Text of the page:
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An excerpt from www.HouseOfNames.com archives copyright 2000 - 2016

The name Wake is part of the ancient legacy of the early Norman inhabitants that arrived in England after the Norman Conquest of 1066. Wake was a Norman name used for a watchful or vigilant person having derived from the Old Norse word vakr, meaning watchful. A broad and miscellaneous class of surnames, nickname surnames referred to a characteristic of the first person who used the name. They can describe the bearer's favored style of clothing, appearance, habits, or character. There is however, much discrepancy over the origin of the name. One source claims the name originates with Hugh Wac, lord of Wilesford, Lincolnshire. Another claims the name originated with Hereward le Wake during the time of Edward the Confessor. And Archbishop Wake disowned the Norman ancestry thinking the name was originally Le Wake, or the Watchful, a skilled military commander. [1] Another source claims that the individual by the name of Wake recorded in the Roll of Battle Abbey was weary of Harold's rule and fled to Normandy and while there "invited" Duke William to conquer Britain. Lord Wake who died in 1156, was founder of the Abbey of Brun and was claimed descent from Sir Thomas Wake, a gallant knight who fought with the Black Prince. He was sheriff of Northamptonshire under Edward II for many years. [2]


The surname Wake was first found in Lincolnshire where they held a family seat as Lords of the manor of Wilsford (Wivelesforde) and under tenants of Godfrey de Cambrai, and represented by Le Sire de Wake. Some of the earliest records reveal Baldwin Wake (died 1282), as a famous warrior and progenitor of the following early line of nobles: John Wake (died 1300), 1st Baron Wake of Liddell and his son Thomas Wake (1297-1349), 2nd Baron Wake of Liddell, an English baron; and daughter Margaret Wake (c. 1297-1349), wife of Edmund of Woodstock, 1st Earl of Kent. This line belonged to the Lincolnshire family which also had lands in Cumberland.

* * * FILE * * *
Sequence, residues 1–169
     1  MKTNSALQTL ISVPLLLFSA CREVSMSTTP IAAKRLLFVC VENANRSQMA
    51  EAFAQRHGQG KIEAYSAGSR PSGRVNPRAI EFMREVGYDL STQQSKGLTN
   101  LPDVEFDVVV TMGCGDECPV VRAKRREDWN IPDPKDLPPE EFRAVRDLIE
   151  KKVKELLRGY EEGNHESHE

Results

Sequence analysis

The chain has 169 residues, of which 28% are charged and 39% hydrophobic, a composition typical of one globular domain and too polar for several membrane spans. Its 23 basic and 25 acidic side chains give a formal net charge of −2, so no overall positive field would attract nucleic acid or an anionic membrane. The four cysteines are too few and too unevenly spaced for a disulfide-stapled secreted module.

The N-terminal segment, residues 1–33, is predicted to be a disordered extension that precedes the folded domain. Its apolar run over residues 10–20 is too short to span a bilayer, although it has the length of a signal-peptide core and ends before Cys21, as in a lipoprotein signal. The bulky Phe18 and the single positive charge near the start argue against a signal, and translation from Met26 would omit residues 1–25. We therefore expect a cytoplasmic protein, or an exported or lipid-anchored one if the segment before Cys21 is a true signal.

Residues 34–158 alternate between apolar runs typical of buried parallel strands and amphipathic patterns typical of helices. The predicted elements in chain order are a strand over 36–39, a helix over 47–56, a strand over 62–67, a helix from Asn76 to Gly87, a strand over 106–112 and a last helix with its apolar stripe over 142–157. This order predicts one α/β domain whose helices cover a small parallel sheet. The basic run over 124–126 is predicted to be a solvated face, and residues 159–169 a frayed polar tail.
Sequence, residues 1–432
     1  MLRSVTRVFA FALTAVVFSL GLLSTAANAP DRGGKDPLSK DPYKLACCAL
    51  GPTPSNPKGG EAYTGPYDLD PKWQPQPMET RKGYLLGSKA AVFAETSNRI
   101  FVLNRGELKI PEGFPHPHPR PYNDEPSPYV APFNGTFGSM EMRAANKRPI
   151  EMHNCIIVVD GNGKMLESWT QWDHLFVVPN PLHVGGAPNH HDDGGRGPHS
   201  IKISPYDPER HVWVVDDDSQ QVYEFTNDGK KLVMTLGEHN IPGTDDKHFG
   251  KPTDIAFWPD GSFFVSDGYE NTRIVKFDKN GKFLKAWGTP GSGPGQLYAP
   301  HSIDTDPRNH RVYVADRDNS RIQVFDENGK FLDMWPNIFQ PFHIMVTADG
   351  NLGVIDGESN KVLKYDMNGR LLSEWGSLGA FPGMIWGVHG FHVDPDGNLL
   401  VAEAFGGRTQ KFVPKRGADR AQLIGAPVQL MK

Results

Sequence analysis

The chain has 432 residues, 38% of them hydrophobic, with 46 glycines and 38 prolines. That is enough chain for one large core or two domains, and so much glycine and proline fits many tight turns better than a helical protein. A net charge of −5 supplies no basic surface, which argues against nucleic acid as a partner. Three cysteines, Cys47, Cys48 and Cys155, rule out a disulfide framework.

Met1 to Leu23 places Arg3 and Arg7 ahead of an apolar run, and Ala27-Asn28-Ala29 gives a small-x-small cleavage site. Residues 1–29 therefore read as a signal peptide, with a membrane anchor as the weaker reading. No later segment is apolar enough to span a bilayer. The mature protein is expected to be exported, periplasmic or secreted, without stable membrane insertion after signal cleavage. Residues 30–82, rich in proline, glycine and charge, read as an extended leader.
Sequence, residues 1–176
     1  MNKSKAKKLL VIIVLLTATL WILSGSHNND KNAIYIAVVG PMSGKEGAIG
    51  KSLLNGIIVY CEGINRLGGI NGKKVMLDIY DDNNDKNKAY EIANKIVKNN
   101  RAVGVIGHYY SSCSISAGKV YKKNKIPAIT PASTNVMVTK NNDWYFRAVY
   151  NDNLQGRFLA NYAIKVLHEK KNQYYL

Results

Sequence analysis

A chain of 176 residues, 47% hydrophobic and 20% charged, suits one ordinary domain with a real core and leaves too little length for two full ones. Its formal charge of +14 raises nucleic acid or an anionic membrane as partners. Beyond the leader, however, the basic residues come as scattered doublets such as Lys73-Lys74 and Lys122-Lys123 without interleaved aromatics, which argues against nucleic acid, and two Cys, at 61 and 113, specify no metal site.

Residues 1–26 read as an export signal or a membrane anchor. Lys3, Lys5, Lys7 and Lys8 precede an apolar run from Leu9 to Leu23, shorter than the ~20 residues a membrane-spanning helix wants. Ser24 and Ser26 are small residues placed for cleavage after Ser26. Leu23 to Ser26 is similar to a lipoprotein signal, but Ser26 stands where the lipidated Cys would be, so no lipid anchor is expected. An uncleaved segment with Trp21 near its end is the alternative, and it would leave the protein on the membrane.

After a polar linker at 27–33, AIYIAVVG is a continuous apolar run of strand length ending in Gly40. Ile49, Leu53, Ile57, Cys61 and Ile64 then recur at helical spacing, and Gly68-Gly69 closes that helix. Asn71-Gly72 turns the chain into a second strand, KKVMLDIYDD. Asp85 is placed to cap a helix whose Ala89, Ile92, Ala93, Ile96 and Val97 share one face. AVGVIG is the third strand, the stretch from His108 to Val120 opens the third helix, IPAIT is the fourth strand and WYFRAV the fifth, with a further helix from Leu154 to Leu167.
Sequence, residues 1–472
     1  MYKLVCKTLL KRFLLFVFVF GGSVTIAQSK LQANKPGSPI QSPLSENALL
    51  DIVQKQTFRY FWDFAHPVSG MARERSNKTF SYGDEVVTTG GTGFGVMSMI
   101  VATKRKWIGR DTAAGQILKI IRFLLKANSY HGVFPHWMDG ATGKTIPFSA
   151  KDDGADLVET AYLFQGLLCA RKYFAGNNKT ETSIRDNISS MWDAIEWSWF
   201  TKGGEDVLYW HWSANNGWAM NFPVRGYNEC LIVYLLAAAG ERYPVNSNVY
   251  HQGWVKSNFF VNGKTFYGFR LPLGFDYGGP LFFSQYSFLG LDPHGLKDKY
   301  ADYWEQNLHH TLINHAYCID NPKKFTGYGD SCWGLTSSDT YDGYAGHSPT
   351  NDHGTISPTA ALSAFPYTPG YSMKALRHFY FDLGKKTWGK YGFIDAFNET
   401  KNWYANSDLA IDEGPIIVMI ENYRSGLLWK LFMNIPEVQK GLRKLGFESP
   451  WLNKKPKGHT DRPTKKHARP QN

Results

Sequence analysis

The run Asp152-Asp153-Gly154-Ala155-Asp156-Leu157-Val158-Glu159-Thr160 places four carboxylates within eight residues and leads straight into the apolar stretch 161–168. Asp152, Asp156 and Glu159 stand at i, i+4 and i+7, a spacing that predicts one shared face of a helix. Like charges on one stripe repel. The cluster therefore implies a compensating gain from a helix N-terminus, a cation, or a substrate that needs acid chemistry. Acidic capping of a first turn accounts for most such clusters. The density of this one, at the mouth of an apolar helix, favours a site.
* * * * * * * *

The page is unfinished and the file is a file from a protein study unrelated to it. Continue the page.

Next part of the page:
Anglo-Norman names tend to be marked by an enormous number of spelling variations. This is largely due to the fact that Old and Middle English lacked any spelling rules when Norman French was introduced in the 11th century. The languages of the English courts at that time were French and Latin. These various languages mixed quite freely in the evolving social milieu. The final element of this mix is that medieval scribes spelled words according to their sounds rather than any definite rules, so a name was often spelled in as many different ways as the number of documents it appeared in. The name was spelled Wake, Waik, Wayke and others.


This web page shows only a small excerpt of our Wake research. Another 329 words (24 lines of text) covering the years 1349, 1580, 1632, 1657, 1737, 1716 and 1737 are included under the topic Early Wake History in all our PDF Extended History products.


Another 69 words (5 lines of text) are included under the topic Early Wake Notables in all our PDF Extended History products.


Because of the political and religious discontent in England, families began to migrate abroad in enormous numbers. Faced with persecution and starvation at home, the open frontiers and generally less oppressive social environment of the New World seemed tantalizing indeed to many English people. The trip was difficult, and not all made it unscathed, but many of those who did get to Canada and the United States made important contributions to the young nations in which they settled. Some of the first North American settlers with Wake name or one of its variants:

Wake Settlers in United States in the 17th Century

  • Jonathan Wake, who arrived in Virginia in 1636
  • Giles Wake, who landed in Virginia in 1663
  • William Wake, who landed in Maryland in 1665
  • John Wake, who settled in Jamaica in 1690
  • Rich Wake, who landed in Virginia in 1695

Wake Settlers in United States in the 19th Century

  • Thomas Wake, aged 31, arrived in New York in 1812
  • George Wake, who arrived in New York in 1841